eBay’s Summer edition of the Online Business Index which was published today reveals that, despite the ongoing economic gloom, the outlook for online businesses is brightening.
Over the last three months confidence is up, pressure on profit margins and prices has eased and more businesses expect stronger sales in the next quarter.
At the same time as releasing the Online Business Index, eBay and Total Politics co-hosted a breakfast seminar today, with Mark Prisk (shadow minister for business and enterprise), Ed Vaizey (shadow arts minister) and John McFall (chairman of the treasury committee) and other government ministers attending. The aim of the meeting was to help raise awareness of this group of online entrepreneurs and to explore ways that government agencies and legislation can assist sellers in growing their businesses further.
The meeting looked several issues, the first being “A 21st Century Economy”. Key here was the message that small to medium sized online businesses have bucked the trend seen on the high street – a new breed of businesses have emerged which differ markedly to traditional bricks and mortar based companies and are performing well. The 123,000 online businesses registered on eBay make a significant contribution to the UK economy, including £57m worth of export sales generated by UK-based eBay sellers in January 2009 alone.
The discussion looked at ways that online businesses could be assisted and covered topics ranging from reducing business taxation and VAT burdens, to how best support small businesses and make them aware of assistance available.
Finance was also discussed, with the Business Index revealing interest rate cuts aren’t passed on to small businesses, overdrafts have been reduced and 1 in 12 small businesses have to put their homes at risk to secure funding.
“Online businesses want the Government to force banks to loosen the purse strings and stop giving lip service to the extent to which they’re helping small businesses. And they want to see the Government doing likewise by cutting business rates, corporation tax and VAT.”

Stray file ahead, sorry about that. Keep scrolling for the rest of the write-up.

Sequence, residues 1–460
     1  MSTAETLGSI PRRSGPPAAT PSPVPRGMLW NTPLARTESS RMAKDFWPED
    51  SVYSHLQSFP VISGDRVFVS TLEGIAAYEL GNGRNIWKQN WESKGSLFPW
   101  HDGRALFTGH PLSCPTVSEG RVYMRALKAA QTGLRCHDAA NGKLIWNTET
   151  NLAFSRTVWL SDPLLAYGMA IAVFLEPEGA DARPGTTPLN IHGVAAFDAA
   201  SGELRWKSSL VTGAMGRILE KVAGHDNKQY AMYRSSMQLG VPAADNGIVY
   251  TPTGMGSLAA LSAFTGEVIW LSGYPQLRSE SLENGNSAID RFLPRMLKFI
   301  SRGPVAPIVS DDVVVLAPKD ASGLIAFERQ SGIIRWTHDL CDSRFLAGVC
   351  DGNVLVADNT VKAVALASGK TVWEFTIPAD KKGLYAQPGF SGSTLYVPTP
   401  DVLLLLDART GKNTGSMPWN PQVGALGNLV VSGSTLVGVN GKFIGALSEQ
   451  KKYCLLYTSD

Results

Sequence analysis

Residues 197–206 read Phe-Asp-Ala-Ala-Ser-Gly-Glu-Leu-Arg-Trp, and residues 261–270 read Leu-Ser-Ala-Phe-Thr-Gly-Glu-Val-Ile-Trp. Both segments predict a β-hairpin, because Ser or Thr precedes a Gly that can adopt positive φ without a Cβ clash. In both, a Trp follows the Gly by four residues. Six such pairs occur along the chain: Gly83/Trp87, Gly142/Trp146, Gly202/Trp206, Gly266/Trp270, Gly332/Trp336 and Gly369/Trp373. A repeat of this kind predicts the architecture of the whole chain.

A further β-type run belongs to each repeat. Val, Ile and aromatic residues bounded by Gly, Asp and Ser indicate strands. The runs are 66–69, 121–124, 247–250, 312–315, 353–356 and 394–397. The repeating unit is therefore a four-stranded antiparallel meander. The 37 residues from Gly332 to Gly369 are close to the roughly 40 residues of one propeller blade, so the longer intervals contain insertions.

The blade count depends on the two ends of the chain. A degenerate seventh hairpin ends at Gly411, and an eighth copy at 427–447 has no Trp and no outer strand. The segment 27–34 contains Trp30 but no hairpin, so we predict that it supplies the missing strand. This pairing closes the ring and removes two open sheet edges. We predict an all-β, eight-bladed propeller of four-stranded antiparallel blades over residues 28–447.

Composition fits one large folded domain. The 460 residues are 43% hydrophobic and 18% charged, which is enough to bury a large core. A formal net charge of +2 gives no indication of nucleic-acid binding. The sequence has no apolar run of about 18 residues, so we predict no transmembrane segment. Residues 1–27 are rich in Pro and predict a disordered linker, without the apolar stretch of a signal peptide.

– Mark Lewis, eBay UK Managing Director
Many small businesses (especially eBay businesses) often start out as part time home based businesses. They grow with advice often being sought on message boards from online colleagues, rather than agencies such as Business Link, the FSB or professional advisers such as accountants and banks. One of the challenges for the government is how to support online businesses, although it could be said many are doing just fine through their own hard work, commitment, ingenuity and determination.
Tactics by manufacturers to restrict trade in their products was highlighted. The Online Business Index highlights the 45% of sellers prevented from discounting goods, and 49% of suppliers who banned merchants from selling their products online. Because many of the restrictions are verbal with the unspoken threat of cutting off supply, this is the first time statistics on restrictive trade activities have been collated (and is why quotes from sellers in the Business Index are anonymous).
In summary the report concluded that small to medium sized online businesses are helping to pull the country out of recession with 41% looking to hire one or more additional employees.
The most important message was summed up succinctly by Ed Vaizey, who concluded stability is vital to enable online merchants to plan and grow. Shot gun tactics by the government (such as last years temporary cut in VAT rates, which did little to help the one sector of the economy that’s booming) simply disrupt online businesses and potentially hinder their growth.
Stability is something the eBay have already recognised is key, major eBay site changes are now restricted to twice a year with sellers being informed well in advance. If the government can adopt similar tactics online sellers can get on with the business of selling.